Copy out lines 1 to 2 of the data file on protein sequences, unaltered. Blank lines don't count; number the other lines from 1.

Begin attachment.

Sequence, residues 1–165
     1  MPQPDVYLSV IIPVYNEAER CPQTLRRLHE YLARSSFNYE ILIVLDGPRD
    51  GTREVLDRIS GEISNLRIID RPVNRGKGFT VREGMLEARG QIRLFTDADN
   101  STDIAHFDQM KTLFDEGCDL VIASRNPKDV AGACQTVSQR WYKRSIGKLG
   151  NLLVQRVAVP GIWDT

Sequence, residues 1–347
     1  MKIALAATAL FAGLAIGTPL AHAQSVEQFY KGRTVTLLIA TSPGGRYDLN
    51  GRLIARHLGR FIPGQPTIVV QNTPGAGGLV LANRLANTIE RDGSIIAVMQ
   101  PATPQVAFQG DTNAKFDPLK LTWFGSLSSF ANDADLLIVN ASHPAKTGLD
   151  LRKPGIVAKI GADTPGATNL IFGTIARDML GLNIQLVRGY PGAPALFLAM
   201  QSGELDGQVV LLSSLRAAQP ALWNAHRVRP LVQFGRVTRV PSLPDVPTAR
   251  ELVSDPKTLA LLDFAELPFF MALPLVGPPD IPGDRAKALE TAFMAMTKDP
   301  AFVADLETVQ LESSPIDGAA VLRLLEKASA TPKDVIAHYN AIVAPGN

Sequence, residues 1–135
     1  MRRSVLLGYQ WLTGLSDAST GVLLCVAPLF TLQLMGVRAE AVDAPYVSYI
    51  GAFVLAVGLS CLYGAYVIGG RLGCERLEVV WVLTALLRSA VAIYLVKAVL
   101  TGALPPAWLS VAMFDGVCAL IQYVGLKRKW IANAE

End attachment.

Sequence, residues 1–165
     1  MPQPDVYLSV IIPVYNEAER CPQTLRRLHE YLARSSFNYE ILIVLDGPRD